Ronlyn is an interdisciplinary scholar with degrees in both the ecological and social sciences.  She has a PhD in Environmental Studies from the University of Tasmania.  Ronlyn is currently working as an Environmental Social Science Researcher at Manaaki Whenua Landcare Research in New Zealand.  Her current research examines the social, political and cultural dimensions of science and other knowledges for policy and planning to understand the implications for policy implementation.  She is also using social practice theory to overcome pervasive knowledge deficit approaches to policy implementation.

Swiss deliberative planning in peri-urban areas at risk

Mrs Annette Bardsley1

1The University of Adelaide, Adelaide, Australia


Residents living on the fringe of Australian cities face increasing levels of environmental risk, especially due to wildfires. That situation is challenging planners to engage with resident populations to meet their local needs. It is also very difficult to achieve sustainable outcomes because local concerns about hazards can lead to a discounting of environmental values. Switzerland has utilised its highly deliberative political system to understand residents’ expectations of planning at local and national levels. A residents’ survey was undertaken in settlements located on the steep, wooded slopes surrounding Locarno in Canton Ticino to analyse perceptions of spatial planning in relation to environmental values and risks. Apart from the formal process of voting, few respondents engaged with planning processes and did not consider that they had a strong influence over decisions. Nevertheless, local residents are very familiar with local hazards such as rockfalls, landslides and wildfires and their potential impacts, and as they are included in the process of management, are very confident in the work of their planners and first-responders to manage the environmental risk. The processes of deliberation provides the social room for understanding to develop that in turn generates confidence in the authorities’ management of environmental risk.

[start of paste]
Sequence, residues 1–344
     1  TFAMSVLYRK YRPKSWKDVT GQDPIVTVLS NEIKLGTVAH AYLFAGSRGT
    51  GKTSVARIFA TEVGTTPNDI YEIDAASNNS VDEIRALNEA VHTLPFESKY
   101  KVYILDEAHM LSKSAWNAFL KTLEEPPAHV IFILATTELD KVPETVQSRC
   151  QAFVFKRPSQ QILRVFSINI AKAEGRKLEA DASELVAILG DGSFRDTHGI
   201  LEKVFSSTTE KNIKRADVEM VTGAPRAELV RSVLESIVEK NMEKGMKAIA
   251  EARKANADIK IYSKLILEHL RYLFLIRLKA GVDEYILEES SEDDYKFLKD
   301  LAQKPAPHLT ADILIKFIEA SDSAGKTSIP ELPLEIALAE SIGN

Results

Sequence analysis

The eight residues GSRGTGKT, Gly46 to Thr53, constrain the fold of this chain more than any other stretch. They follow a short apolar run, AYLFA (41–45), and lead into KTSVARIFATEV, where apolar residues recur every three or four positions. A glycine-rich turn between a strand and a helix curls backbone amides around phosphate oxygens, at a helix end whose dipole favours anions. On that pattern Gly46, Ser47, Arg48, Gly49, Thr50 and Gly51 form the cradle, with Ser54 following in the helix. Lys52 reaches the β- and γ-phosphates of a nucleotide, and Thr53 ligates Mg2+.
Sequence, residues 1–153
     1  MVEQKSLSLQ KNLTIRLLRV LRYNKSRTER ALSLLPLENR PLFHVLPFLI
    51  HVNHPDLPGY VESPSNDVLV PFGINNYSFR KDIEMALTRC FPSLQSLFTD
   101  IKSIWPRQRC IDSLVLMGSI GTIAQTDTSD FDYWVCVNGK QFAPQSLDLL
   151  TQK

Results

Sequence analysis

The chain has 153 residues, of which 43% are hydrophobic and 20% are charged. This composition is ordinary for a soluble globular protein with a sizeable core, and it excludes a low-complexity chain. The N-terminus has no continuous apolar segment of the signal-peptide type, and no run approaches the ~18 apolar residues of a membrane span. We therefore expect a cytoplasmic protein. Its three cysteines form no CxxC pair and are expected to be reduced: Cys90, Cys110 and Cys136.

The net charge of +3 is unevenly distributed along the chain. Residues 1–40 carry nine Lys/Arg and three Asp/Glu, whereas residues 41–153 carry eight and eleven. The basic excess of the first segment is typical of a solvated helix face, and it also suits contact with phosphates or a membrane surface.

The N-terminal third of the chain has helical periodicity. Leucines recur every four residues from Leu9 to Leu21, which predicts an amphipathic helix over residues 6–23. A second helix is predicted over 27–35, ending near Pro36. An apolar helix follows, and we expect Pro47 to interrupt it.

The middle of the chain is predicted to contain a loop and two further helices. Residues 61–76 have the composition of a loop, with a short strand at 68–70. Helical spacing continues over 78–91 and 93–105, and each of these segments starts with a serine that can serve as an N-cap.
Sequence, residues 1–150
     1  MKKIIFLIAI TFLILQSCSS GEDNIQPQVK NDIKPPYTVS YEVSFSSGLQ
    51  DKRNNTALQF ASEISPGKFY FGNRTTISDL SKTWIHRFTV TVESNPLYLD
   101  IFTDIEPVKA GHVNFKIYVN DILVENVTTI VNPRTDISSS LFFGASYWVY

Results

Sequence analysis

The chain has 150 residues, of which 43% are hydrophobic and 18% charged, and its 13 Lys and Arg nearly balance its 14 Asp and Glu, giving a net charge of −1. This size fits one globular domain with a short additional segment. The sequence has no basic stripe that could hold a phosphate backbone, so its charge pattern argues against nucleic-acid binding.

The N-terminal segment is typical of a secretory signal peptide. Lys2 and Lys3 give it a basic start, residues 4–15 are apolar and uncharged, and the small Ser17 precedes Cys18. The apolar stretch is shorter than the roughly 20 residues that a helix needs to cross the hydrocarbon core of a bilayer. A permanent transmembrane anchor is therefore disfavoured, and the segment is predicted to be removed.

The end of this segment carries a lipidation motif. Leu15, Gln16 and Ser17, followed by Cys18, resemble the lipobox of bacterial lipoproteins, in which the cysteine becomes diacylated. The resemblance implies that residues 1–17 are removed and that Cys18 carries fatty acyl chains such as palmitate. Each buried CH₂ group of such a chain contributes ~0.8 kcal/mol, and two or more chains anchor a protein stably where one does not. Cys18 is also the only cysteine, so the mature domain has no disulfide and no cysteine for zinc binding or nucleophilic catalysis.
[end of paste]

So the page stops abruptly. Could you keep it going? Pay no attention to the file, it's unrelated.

Annette Bardsley, BA (Hons) Geography & PGDipEd, is completing her PhD entitled ‘Perceptions of Wildfire Risk and Planning in Peri-Urban Adelaide, Australia and in Locarno, Switzerland’, in Geography Environment and Population (GEP), at the University of Adelaide. Annette has worked in conservation planning in Switzerland and in education in Australia.


Advancing deliberation in a hydrosocial field: insights from participatory planning, Kamala river basin, Nepal

Dr Tira Foran1, Dr Hemant Ojha2

1CSIRO Land and Water, Canberra

2Institute for Studies and Development Worldwide (IFSD), Sydney,


We explore the interplay between participatory deliberative processes, and forces that constrain river basin planning in Nepal. Nepal’s 2015 constitution, and subsequent sectoral policies, recognize the need to improve justice for women and marginalized people. We report on ongoing efforts to facilitate participatory, cross-sectoral planning, in the multi-province Kamala river basin. We combine institutional analysis with Bourdieu’s social practice theory to chart dispositions that constrain deliberation over water resource development options. With respect to integrated river basin planning, we find that contradictions exist between norms of democratic participation, and the practices of hydrological analysis and accounting: the latter tend to dominate the field, thus far to the detriment of inclusive institutions. While attempting to facilitate participatory planning, we experienced how interlinked fields of politics and technocracy impede deliberative practice. While the establishment of local and provincial governments (pursuant to the 2015 constitution) creates new opportunities for participation in river basin planning, such opportunities are curtailed by competing priorities and pressures put on newly-elected officials. The devolution of planning to lower levels of society is constrained by nested and interlocked fields of practice. We reflect on possibilities for democratization offered by cross-scale deliberation and attention to systemic contradictions.


Tira Foran is a human geographer based at CSIRO since 2010. He has worked on participatory deliberative approaches to natural resources governance in Nepal and Myanmar.